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Entropy 2013, 15(11), 5022-5052; doi:10.3390/e15115022

Toward an Efficient Prediction of Solar Flares: Which Parameters, and How?

Research Center for Astronomy and Applied Mathematics (RCAAM), Academy of Athens, 4 Soranou Efesiou Street, Athens 11527, Greece Marie Curie Fellow of the European Commission
Received: 31 July 2013 / Revised: 8 November 2013 / Accepted: 8 November 2013 / Published: 18 November 2013
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Solar flare prediction has become a forefront topic in contemporary solar physics, with numerous published methods relying on numerous predictive parameters, that can even be divided into parameter classes. Attempting further insight, we focus on two popular classes of flare-predictive parameters, namely multiscale (i.e., fractal and multifractal) and proxy (i.e., morphological) parameters, and we complement our analysis with a study of the predictive capability of fundamental physical parameters (i.e., magnetic free energy and relative magnetic helicity). Rather than applying the studied parameters to a comprehensive statistical sample of flaring and non-flaring active regions, that was the subject of our previous studies, the novelty of this work is their application to an exceptionally long and high-cadence time series of the intensely eruptive National Oceanic and Atmospheric Administration (NOAA) active region (AR) 11158, observed by the Helioseismic and Magnetic Imager on board the Solar Dynamics Observatory. Aiming for a detailed study of the temporal evolution of each parameter, we seek distinctive patterns that could be associated with the four largest flares in the AR in the course of its five-day observing interval. We find that proxy parameters only tend to show preflare impulses that are practical enough to warrant subsequent investigation with sufficient statistics. Combining these findings with previous results, we conclude that: (i) carefully constructed, physically intuitive proxy parameters may be our best asset toward an efficient future flare-forecasting; and (ii) the time series of promising parameters may be as important as their instantaneous values. Value-based prediction is the only approach followed so far. Our results call for novel signal and/or image processing techniques to efficiently utilize combined amplitude and temporal-profile information to optimize the inferred solar-flare probabilities.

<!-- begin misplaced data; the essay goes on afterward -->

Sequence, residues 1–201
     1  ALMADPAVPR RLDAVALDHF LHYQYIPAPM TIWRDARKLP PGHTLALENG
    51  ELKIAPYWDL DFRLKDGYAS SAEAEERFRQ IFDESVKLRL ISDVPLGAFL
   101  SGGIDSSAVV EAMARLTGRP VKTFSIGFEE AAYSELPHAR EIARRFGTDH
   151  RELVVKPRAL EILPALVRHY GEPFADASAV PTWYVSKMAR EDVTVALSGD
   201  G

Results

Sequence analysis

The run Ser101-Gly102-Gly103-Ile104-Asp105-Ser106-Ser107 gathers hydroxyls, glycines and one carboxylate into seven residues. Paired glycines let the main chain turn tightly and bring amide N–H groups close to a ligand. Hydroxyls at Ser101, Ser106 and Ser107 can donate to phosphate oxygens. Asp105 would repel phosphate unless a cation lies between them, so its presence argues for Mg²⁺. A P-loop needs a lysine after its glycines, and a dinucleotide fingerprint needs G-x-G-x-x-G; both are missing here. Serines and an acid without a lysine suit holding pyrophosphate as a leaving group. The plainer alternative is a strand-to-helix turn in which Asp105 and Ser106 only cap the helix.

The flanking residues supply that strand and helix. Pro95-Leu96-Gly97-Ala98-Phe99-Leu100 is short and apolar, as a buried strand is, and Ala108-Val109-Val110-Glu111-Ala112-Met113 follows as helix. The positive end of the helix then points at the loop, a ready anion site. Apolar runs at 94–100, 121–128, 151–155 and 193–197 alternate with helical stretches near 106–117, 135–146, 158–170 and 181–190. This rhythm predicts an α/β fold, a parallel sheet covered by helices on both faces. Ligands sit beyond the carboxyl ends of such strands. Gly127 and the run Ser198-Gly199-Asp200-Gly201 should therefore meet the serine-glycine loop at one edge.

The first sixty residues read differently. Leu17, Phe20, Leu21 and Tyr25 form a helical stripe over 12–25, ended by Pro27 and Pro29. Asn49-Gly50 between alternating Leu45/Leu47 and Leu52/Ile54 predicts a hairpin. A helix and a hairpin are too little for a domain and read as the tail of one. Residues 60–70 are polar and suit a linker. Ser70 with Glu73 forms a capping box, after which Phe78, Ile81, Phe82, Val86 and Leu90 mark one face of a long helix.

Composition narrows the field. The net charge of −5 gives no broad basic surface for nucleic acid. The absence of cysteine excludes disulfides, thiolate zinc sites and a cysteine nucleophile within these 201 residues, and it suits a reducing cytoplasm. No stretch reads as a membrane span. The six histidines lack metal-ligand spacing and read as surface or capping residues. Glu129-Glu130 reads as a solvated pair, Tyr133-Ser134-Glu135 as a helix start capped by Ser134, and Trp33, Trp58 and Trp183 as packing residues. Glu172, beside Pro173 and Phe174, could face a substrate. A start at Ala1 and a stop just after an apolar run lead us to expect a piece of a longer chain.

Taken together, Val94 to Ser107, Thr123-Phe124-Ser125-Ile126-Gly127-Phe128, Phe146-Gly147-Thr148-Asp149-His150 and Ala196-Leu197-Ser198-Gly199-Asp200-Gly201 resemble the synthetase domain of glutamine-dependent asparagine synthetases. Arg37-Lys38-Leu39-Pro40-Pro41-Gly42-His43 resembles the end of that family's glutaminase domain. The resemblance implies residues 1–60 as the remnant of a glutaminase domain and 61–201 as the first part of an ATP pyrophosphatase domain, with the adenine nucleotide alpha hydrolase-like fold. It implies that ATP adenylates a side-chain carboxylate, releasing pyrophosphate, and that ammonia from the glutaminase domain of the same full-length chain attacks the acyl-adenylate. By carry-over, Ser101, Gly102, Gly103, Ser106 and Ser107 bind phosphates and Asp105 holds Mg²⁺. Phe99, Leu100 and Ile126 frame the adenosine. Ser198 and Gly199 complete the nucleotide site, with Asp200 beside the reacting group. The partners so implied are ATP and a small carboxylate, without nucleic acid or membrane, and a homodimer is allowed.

Keywords: frequentist data analysis; magnetic field; solar transients frequentist data analysis; magnetic field; solar transients
This is an open access article distributed under the Creative Commons Attribution License (CC BY 3.0).

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Georgoulis, M.K. Toward an Efficient Prediction of Solar Flares: Which Parameters, and How? Entropy 2013, 15, 5022-5052.

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